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Call for unity in cybersecurity

It is time to reimagine security, Cisco executives Jeetu Patel and Gary Steele told ARTHUR GOLDSTUCK at the Cisco Live expo last week.

The world faces an unprecedented level of cybersecurity threats, making it incumbent on all organisations involved in cyber defences to work together against common adversaries.

This call was made on Tuesday by Jeetu Patel, executive vice president and GM of security and collaboration at global networking leaders Cisco. He was speaking during a press briefing at the Cisco Live 2024 conference and expo in Las Vegas, where AI was matched by cybersecurity as dominant themes of the event.

Cisco Live came less than three months after the company completed its $28-billion acquisition of security and analytics software company Splunk. The result was that, unlike most tech conferences of the past year, it was no longer all about AI.

Patel and Gary Steele, the CEO of Splunk who presided over its sale to Cisco, and now head of “go-to-market” at Cisco, spoke exclusively to Business Times during the conference.

Patel said: “When we approached Microsoft with this idea (of collaboration), they were all in, and I appreciate that so much because the importance of this is so profound to society and to the safety of humanity. In order for me to win, you don’t have to lose. You can win and I can win. And when that happens, it’s better.

“They have a lot of telemetry on the operating system, and we have a lot of telemetry on the network. Those are fundamentally complementary. It is important to start from the customer’s needs and work backwards, ensuring that vendors cooperate to deliver the best possible outcomes.”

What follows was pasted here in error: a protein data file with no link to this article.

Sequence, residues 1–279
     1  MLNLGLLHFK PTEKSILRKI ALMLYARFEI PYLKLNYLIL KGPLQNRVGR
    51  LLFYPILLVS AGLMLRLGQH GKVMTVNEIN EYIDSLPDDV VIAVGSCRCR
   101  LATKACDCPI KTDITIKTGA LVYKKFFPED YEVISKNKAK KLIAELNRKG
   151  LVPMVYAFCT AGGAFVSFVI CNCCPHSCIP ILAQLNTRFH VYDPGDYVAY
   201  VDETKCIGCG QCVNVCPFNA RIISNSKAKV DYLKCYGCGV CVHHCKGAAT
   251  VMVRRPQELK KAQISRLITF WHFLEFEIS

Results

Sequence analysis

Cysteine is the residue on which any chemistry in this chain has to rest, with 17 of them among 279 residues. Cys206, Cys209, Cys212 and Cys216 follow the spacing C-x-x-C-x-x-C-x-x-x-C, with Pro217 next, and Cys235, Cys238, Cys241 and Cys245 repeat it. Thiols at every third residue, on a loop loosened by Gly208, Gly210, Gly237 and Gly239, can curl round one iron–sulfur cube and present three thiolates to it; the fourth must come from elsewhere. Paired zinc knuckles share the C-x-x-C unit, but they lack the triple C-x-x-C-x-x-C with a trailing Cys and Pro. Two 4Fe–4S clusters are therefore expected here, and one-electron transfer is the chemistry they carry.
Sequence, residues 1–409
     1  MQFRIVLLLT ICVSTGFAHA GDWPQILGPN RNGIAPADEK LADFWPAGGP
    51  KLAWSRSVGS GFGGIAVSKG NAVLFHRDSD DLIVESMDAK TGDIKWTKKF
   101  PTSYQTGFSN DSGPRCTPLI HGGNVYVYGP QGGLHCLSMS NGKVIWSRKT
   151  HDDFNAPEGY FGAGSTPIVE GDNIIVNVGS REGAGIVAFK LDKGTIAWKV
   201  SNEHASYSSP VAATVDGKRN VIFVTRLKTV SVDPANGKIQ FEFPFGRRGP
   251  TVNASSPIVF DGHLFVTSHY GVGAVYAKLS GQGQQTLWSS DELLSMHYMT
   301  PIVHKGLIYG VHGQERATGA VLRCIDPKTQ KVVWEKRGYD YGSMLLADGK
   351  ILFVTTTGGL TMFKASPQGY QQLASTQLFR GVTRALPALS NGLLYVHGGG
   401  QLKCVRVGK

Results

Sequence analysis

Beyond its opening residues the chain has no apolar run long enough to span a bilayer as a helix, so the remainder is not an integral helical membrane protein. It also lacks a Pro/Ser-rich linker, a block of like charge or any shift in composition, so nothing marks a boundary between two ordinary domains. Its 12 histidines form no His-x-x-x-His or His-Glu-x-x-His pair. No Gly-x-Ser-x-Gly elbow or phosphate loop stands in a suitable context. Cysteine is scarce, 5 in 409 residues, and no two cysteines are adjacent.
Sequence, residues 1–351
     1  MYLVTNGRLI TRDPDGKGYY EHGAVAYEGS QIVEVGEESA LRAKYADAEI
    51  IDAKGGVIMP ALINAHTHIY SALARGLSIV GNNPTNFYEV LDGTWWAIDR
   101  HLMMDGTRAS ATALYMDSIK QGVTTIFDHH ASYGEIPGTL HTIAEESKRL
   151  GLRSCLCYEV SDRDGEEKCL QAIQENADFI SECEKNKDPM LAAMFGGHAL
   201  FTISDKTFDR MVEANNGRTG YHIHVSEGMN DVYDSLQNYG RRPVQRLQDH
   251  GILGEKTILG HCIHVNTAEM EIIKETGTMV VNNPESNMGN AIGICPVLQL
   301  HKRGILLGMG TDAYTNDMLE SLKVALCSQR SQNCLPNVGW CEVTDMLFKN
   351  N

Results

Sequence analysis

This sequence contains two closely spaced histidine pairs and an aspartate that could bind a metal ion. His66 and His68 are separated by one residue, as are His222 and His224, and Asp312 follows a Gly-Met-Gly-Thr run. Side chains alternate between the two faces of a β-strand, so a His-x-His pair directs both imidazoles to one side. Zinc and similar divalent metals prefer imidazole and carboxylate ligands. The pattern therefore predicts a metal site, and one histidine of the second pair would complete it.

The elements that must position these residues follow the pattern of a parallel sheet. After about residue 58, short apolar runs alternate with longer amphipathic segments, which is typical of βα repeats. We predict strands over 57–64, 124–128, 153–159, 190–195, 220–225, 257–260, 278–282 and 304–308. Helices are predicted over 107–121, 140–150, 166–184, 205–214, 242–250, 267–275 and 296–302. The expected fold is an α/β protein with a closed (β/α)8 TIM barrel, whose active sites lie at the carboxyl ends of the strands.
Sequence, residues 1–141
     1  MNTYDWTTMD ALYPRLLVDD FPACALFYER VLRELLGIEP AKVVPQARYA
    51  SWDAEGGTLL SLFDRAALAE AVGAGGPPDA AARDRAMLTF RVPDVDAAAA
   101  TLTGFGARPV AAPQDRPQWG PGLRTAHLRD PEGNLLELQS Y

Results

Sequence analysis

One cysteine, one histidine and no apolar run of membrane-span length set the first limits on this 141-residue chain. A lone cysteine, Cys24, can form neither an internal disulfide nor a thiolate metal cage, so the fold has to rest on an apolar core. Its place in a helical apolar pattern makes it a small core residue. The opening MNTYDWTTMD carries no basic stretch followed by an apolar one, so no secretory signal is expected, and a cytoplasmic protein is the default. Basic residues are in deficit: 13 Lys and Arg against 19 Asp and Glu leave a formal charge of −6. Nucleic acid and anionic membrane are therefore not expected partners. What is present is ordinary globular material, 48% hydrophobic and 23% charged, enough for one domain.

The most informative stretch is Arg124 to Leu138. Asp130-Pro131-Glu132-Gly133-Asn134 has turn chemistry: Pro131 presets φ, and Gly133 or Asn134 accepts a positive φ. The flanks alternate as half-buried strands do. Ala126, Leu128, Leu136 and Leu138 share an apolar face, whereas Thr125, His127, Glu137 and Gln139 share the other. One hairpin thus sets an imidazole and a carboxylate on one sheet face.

Coincidentally, Gary Steele became a key player in such industry cooperation in 2023, when he was elected co-chair of Aspen Digital’s U.S. Cybersecurity Group, a cross-sector, public-private forum that accelerates the pace of cybersecurity preparedness to drive greater cyber resilience around the world.

“Aspen brings together industry players, as well as many of the US government organisations, in an effort to focus on a set of critical cyber problems,” he said in one of his first interviews after being appointed go-to-market president of Cisco.

He acknowledged the tension between cooperation and profitability: “The challenge is when does collaboration impact profitability? That’s always the trick. There has been success where the government is facilitating, and people aren’t giving up proprietary information to support it. We’re all collaborating in a way that is mutually beneficial to all. “

The challenge lies in achieving that cooperation without giving away business secrets in a highly strategic area.

“If you look across the industry, where new kinds of threats come in that are incredibly complicated, typically competitors will still collaborate, and they’ll look at things collectively to figure out what the impact will be.”

Steele described collaborative efforts during the Ukrainian war, where industry players provided support to underfunded Ukrainian organisations facing cyber threats from Russia.